Among the stacks of books in the literati’s den we find the amazing novels of Mark Helprin (and I applaud A Soldier of the Great War as an American classic), Alice Hoffman, Margaret Atwood and Jim Harrison. Ernest Hemingway and John Steinbeck share a long shelf here in my den. I re-read them frequently. A quick glance around my room and I spy The Crying of Lot 49 by Thomas Pynchon. Now Pynchon is the writer that other writers dream about. As a self-made recluse he’s made himself alluring by being mysterious. His books intrigue, enlighten, entertain, befuddle and amaze, just as good books should, and don’t we all wish we were as good as Pynchon?
            When I think of Pynchon I can’t help but think of his friend Denis Farina, long dead and nearly forgotten, Farina’s Been Down So Long should be mandatory reading. John Updike and Irwin Shaw and John Cheever all hold a place of honor in my library.
            And then there are the little known masterpieces that thrive with a life of their own long after their authors have parted the veil. Books like Winds of Morning by H.L. Davis or The Rose by Charles L. Harness, and The Cannibal by John Hawkes. I treasure stories by Charles Beaumont and John Collier and the poetry of Lawrence Ferlinghetti, W. S. Merwin and Dave Etter.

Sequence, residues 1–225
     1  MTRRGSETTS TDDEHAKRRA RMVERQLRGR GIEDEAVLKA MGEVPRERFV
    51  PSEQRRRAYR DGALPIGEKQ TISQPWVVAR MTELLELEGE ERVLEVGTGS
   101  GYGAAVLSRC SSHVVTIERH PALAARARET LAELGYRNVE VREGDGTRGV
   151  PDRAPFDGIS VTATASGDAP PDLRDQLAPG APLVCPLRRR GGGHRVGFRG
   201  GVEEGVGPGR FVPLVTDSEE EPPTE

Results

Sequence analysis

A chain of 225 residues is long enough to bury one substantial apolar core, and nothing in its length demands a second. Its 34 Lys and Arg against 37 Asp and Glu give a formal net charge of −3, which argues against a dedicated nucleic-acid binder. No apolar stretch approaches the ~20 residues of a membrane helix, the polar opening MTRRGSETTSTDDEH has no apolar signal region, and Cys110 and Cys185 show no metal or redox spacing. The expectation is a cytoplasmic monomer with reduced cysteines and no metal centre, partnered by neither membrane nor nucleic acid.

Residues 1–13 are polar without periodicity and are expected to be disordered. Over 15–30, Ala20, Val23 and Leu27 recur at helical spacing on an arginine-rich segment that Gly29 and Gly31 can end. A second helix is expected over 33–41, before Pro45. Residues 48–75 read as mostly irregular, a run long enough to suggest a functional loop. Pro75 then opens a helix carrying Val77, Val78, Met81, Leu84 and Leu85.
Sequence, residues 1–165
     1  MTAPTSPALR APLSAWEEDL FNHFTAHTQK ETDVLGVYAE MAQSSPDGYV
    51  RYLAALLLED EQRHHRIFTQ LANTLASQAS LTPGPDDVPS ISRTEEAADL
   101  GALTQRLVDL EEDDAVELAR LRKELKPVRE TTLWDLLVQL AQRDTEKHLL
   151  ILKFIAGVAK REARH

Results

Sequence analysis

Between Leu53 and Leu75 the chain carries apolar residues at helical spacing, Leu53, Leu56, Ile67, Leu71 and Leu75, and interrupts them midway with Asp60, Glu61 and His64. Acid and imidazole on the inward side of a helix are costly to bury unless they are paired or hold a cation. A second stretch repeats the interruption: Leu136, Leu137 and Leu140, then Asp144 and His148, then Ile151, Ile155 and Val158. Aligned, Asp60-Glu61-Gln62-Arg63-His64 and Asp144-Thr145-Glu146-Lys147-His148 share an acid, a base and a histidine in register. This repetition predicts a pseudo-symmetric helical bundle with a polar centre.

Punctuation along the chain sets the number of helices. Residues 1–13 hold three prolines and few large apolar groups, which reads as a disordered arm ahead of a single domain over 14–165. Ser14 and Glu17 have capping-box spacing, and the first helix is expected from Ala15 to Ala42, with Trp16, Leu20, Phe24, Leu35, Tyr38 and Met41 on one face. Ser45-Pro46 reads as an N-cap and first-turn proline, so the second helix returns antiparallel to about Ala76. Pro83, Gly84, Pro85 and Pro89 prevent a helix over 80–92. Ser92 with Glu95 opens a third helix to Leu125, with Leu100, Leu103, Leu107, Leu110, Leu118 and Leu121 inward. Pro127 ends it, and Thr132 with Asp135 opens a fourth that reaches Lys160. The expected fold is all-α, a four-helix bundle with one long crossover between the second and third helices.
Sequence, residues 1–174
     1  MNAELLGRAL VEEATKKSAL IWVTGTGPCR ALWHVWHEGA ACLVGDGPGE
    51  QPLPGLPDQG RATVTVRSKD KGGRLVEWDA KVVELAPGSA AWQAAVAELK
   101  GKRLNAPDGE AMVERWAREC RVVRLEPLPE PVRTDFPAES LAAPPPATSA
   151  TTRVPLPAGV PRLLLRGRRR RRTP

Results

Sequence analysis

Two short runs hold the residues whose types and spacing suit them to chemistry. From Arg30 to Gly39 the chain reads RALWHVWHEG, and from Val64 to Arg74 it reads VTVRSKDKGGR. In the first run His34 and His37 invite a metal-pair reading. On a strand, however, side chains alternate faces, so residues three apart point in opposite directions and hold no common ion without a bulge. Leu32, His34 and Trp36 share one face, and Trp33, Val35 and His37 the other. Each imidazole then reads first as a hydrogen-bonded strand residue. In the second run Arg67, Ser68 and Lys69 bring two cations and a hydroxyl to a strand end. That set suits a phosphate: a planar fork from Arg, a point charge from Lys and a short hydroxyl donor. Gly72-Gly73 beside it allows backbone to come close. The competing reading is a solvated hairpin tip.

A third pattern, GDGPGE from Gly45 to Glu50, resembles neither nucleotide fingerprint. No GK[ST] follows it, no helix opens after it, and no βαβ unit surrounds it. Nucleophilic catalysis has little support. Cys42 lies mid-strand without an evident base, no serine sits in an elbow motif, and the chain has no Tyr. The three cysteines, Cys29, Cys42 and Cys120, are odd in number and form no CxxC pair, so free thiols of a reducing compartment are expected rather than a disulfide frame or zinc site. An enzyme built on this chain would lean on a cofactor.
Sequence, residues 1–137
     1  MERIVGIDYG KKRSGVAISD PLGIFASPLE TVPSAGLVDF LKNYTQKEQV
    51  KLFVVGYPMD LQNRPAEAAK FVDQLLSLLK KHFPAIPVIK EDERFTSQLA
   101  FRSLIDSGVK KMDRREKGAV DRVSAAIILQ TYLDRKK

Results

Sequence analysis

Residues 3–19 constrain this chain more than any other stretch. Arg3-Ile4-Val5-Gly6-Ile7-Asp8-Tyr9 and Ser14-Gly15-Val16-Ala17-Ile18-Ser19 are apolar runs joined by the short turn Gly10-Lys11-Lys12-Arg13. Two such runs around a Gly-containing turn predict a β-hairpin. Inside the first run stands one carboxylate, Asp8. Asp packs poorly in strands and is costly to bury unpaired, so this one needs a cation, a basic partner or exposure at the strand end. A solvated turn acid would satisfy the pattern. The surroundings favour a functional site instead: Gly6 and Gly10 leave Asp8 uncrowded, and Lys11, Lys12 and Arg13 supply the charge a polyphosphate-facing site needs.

For swashbuckling fare I recommend Stevenson’s Treasure Island followed by Rafael Sabatini’s Captain Blood, and then reach for “The High Seas Trilogy” (The Wreckers, The Smugglers, The Buccaneers) by Ian Lawrence. Add to this the posthumously published Pirate Latitudes by Michael Crichton and you’ll be begging for more clashing swords and daring adventure along The Spanish Main. Recently I read a superb swashbuckler titled The Pirate Devlin by Mark Keating.
            And then there are signed books. I own books signed by Kirk Douglas, Tony Curtis, Douglas Fairbanks, Jr. Jack Schaefer, Max Allan Collins, Paul Newman, Don Blanding, James Arness and many more.
I own six signed by Ray Bradbury, five by Mickey Spillane, four by Robert B. Parker, three by Elmore Leonard, four by Jim Harrison, two by Philip Jose Farmer, four by Roger Zelazny (this includes two each of the signed-limited edition of the Phantasia Press edition of Madwand), four by Frank McCourt, six by Lance Howard (AKA Howard Hopkins), and eight by Joe R. Lansdale. But my friend the poet Dave Etter beats them all with a whopping thirteen signed books on my bookshelf.